After some sleuthing and further research and experimentation, I ended up using Fabriano Artistico watercolor paper in blocks of various sizes.   This is an Italian-made paper, 100% cotton, acid-free, and offered in the 3 types of paper mentioned previous (rough, cold-pressed, hot-pressed) and in traditional white and extra white.

Fabriano Artistico Hot-Pressed Bright White block

Fabriano Artistico Hot-Pressed Bright White block

I usually buy my supplies from Dick Blick Art Supplies, and if you click on the link here, you will see the Fabriano Extra White line, which I tend to use exclusively. The traditional white is slightly cream-colored.  The Bright White is very white, and provides more contrast and crispness of image, which I prefer.

Blocks of paper, rather than loose sheets or spiral pads, are my choice.  Blocks of paper are glued together at the very edges, with one edge left unglued.  You stick a knife in that unglued edge to release the paper once it has been painted.  Why do I prefer blocks?  Because I’m lazy!  I do not want to have to  staple my paper to boards  and stretch the paper  like many artists do.  Since I have a full time job, when I make time to paint, I need to get right to it.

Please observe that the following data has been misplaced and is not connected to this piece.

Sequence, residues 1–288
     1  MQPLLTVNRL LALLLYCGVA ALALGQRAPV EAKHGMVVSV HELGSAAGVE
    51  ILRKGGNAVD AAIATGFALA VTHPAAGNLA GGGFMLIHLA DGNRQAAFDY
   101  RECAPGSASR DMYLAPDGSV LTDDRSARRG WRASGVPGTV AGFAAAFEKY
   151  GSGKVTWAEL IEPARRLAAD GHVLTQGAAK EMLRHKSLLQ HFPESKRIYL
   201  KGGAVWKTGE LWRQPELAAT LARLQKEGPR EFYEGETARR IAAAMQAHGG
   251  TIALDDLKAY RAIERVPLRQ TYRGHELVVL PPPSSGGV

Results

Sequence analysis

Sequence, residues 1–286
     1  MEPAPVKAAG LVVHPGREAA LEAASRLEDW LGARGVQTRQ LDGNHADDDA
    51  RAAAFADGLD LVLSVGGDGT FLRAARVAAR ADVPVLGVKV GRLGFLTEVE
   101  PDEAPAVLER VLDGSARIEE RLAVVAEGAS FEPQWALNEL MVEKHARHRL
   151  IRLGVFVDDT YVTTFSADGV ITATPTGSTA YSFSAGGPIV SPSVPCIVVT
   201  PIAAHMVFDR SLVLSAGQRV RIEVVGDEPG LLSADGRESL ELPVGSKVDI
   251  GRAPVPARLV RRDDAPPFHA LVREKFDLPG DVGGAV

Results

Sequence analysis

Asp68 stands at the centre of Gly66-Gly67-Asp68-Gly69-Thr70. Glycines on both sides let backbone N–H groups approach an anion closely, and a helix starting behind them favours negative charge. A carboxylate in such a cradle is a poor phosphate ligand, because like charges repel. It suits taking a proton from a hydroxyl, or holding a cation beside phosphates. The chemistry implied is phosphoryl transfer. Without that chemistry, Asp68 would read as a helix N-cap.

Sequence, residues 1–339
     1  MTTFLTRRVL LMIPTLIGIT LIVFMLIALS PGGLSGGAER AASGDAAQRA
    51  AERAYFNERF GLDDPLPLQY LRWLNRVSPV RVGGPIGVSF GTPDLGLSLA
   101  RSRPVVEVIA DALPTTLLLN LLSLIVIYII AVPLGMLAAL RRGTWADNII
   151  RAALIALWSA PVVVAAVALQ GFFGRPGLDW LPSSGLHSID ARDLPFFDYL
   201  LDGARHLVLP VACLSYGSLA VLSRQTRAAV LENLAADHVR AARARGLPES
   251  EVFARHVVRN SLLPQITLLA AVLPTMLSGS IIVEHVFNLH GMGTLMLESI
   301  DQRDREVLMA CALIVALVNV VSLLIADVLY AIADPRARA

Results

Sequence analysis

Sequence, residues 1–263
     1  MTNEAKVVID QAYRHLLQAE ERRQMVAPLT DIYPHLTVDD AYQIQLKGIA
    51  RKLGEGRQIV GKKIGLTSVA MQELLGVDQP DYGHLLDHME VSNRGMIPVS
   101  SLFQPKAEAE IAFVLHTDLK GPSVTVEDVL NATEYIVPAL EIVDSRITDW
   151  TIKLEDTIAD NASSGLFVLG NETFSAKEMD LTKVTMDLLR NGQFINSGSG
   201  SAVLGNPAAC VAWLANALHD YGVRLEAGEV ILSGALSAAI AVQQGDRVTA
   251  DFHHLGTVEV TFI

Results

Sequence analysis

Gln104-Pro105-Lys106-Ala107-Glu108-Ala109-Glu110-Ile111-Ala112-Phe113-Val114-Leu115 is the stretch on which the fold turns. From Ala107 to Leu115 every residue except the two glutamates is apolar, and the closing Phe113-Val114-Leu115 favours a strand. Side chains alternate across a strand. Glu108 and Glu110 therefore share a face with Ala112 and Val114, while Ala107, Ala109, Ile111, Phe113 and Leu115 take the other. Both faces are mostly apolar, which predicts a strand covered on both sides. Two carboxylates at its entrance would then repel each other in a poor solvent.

The blocks range in sizes from 5×7 to 14×20, which is usually as large as I work anyway.  So the blocks suit me fine.

There is one more thing about watercolor paper:  weight.  Some papers are lighter or heavier than others.  The heavier the paper, the thicker and more robust it is and the less  it will buckle and warp from the water used.  If it is very thick, stretching may not even be necessary. And if you use multiple very wet glazes, thicker is better.  In the painting at the beginning of the post, I used about a dozen separate glazes on the Madrone bark to depict the hues and transparency of the sunlight filtering through it.  Cold-pressed paper is indispensable for multiple glazes!

The blocks I use are mid-weight, at 140 lb per ream (or 300 gsm-grams per square meter).  Since the block configuration provides an inherent “stretching,” my preparatory work is already done.  I’ve never encountered warping or buckling.  I’m very happy with it.